7 Wild Animals Taking Advantage of the Coronavirus Quarantine

With humans holed up in their homes, wild animals are now ruling the streets worldwide.

A strange global phenomenon appears to be occurring amid the coronavirus outbreak: Wild animals are exploring parts of the world they've stayed away from decades, if not centuries. That's right, with the vast majority of people following strict stay-at-home guidelines, city streets and suburban blocks are nearly empty, giving animals free rein.

From goats wandering around Wales to lions sleeping in the streets of South Africa, wild animals are certainly loving life right now. And there is something magically soothing about watching these animals reclaim parts of the world that were once theirs. To see them in action, read on! And for more uplifting content amid coronavirus, check out 7 Heartfelt Ways Hospitals Are Lifting Spirits Amid Coronavirus.

Lions are sleeping on the road in South Africa.

Lion pride lying on the tar road just outside of Orpen Rest Camp at Kruger National Park amid coronavirus
Richard Sowry / Kruger National Park via Twitter

On the official Twitter account for Kruger National Park in northeastern South Africa, one of Africa's largest game reserves, photos from Section Ranger Richard Sowry show something that tourists don't normally get to witness. "This lion pride are usually resident on Kempiana Contractual Park, an area Kruger tourists do not see," the account tweeted. "This afternoon they were lying on the tar road just outside of Orpen Rest Camp." And if you love animals—both wild and domestic—check out 23 Unlikely Animal Friendships That Will Melt Your Heart.

Wild goats are on the loose in Wales.

A herd of goats take advantage of quiet streets near Trinity Square, in Llandudno, north Wales. The gang of goats has been spotted strolling around the deserted streets of the seaside town during the nationwide lockdown.
PA Images / Alamy Stock Photo

A herd of goats took advantage of the quiet streets near Trinity Square in north Wales amid the pandemic. The gang of goats has been spotted strolling around the deserted streets of the seaside town during the nationwide coronavirus lockdown.

Sika deer are taking over Nara, Japan.

Deer in front of Buddhist temple in Nara Japan amid coronavirus
Peach Pics / Alamy Stock Photo

"Less tourists in Nara = less people feeding the deer in the parks," a Bloomberg reporter tweeted along with photos of deer wandering the urban streets of Nara, Japan. The ancient city and popular tourist destination has seen far fewer visitors due to the coronavirus, which means the sika deer are getting a front row seat to attractions like the Buddhist temple seen here.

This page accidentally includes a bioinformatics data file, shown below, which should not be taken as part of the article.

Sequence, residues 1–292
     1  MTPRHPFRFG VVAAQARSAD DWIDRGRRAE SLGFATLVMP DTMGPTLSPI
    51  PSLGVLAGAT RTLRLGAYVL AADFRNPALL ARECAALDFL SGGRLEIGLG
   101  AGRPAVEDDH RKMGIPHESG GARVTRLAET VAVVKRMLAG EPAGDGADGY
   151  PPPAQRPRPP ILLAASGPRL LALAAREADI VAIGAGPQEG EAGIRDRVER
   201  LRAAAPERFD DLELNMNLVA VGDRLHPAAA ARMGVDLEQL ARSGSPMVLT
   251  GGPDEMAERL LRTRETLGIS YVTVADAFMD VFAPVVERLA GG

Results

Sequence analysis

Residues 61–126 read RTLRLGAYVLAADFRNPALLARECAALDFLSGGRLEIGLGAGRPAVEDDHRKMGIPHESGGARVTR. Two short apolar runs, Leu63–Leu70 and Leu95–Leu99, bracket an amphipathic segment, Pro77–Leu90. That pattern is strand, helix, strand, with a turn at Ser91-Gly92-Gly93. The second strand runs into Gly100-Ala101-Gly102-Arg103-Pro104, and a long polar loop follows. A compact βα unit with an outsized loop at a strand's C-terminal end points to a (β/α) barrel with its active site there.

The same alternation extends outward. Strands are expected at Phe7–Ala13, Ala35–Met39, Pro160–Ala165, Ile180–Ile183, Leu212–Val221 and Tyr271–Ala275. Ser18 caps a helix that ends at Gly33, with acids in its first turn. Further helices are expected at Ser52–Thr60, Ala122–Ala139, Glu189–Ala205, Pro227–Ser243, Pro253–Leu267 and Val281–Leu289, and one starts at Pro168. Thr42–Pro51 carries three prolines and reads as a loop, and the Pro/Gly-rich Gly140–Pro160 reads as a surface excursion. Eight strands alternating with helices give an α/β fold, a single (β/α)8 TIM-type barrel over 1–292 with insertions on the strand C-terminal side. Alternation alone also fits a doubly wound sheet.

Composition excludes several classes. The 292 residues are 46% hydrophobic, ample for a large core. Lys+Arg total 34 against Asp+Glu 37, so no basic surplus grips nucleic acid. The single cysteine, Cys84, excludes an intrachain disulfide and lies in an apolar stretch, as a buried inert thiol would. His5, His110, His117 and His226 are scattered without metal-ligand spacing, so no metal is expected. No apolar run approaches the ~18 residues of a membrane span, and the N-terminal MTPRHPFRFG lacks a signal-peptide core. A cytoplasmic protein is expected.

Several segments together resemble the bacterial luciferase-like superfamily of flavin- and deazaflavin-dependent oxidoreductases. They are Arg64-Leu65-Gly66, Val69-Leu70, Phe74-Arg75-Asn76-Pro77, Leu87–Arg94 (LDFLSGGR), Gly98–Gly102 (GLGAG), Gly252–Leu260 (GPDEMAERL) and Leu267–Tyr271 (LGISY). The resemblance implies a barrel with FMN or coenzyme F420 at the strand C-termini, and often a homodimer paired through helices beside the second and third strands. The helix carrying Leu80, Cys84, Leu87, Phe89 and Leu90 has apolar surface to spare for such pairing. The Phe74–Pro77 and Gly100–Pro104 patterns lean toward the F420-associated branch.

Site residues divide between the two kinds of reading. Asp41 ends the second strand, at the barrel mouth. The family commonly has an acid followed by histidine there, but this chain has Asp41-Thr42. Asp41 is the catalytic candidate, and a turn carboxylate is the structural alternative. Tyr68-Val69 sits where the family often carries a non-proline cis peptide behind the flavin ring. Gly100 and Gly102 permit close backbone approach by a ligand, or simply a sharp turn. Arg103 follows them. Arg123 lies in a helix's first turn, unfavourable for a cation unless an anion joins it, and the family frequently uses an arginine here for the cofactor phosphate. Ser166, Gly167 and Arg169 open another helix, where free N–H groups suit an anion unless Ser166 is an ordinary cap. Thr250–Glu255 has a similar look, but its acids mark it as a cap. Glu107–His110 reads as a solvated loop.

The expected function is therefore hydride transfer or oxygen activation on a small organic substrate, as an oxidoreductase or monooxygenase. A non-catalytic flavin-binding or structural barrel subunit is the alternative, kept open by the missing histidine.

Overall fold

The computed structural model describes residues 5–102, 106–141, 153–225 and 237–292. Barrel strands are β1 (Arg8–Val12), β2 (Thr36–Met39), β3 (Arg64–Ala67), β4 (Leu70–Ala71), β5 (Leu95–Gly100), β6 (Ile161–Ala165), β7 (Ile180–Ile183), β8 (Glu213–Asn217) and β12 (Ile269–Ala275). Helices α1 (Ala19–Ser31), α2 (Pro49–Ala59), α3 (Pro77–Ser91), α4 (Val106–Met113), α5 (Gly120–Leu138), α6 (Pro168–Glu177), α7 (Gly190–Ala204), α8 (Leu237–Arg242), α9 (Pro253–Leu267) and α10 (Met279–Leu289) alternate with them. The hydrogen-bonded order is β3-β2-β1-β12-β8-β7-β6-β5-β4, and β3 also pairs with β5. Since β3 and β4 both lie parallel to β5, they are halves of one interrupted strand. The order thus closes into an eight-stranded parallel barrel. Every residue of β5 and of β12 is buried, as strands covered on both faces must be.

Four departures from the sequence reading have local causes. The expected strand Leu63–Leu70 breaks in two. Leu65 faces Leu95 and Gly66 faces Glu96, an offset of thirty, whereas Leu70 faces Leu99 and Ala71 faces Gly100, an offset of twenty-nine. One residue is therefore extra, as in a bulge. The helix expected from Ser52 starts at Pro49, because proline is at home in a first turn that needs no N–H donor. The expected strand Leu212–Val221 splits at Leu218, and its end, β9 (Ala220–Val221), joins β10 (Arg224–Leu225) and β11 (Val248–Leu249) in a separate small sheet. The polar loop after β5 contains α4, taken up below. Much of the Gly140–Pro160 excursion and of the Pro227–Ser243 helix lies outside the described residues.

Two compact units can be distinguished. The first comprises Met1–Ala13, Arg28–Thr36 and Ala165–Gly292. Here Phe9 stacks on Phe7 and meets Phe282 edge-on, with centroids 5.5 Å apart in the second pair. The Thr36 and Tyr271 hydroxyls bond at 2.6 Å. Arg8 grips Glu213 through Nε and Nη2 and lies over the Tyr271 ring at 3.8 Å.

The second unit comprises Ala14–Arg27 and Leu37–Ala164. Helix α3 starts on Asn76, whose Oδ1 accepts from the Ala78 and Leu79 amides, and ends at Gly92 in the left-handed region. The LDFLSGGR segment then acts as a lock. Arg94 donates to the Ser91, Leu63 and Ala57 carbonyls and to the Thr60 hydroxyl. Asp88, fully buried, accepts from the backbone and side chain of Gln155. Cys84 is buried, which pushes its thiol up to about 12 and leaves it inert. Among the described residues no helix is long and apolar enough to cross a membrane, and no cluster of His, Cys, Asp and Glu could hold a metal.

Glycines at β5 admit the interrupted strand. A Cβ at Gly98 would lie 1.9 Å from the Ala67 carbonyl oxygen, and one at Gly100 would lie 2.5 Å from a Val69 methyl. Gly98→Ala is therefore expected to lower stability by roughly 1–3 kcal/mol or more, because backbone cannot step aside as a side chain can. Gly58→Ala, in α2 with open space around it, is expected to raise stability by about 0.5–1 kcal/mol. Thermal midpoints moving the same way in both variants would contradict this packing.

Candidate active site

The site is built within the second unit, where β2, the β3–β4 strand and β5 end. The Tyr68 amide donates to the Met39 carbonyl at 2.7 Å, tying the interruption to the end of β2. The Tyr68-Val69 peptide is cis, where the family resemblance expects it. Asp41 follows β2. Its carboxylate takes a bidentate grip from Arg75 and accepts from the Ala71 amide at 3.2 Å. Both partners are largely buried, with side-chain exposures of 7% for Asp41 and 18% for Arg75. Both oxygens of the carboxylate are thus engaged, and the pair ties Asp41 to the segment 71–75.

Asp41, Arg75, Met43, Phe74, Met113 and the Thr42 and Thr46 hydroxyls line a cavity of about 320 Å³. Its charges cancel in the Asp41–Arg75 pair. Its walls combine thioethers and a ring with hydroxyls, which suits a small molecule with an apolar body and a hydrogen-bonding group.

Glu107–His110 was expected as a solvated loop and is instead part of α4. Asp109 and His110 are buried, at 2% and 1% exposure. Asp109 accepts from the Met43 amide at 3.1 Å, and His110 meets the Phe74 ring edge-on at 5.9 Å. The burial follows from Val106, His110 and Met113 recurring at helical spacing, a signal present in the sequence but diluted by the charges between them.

Wild boar are roaming the streets of Paris.

video of wild boar roaming the streets of paris amid coronavirus

Wild pigs were seen roaming the empty streets of Paris since the lockdown went into effect, as captured in this viral video. Definitely not something tourists typically see in gay Paris! And if you love a good wildlife fact, check out 75 Animal Facts That Will Change the Way You View the Animal Kingdom.

Wild monkeys are dominating parks in Thailand.

A mob of monkeys in city plaza in Thailand amid coronavirus
Sasaluk Rattanachai / Facebook

People in Thailand have spotted monkeys looking for food in streets typically populated by people. This viral Facebook video shows a massive mob of macaques monkeys running around a city plaza, for example. And frankly, it's a bit too Planet of the Apes for our liking.

Fox are filling the streets of Essex.

A fox patrols the streets of Brentwood, Essex, UK. Foxes are now common in urban areas in the United Kingdom.
Richard Harding / Alamy Stock Photo

Around many suburban homes in Essex in the U.K., families are finding foxes strolling the streets around their typically quiet neighborhoods.

And penguins are now the tourists at a Chicago aquarium.

two penguins roam the halls of an aquarium in chicago
Shedd Aquarium / YouTube

Sure, an aquarium isn't exactly an urban jungle, but these penguins, who are typically the ones being gawked at at the Shedd Aquarium in Chicago, became the gawkers during the lockdown. They were able to tour the other sea creatures just like the humans do!

"Without guests in the building, caretakers are getting creative in how they provide enrichment to animals," the aquarium told the Chicago Tribune. "Introducing new experiences, activities, foods and more to keep them active, encourages them to explore, problem-solve and express natural behaviors." And for more feel-good stories in these challenging times, check out 13 Uplifting Stories That Will Warm Your Heart Right Now.

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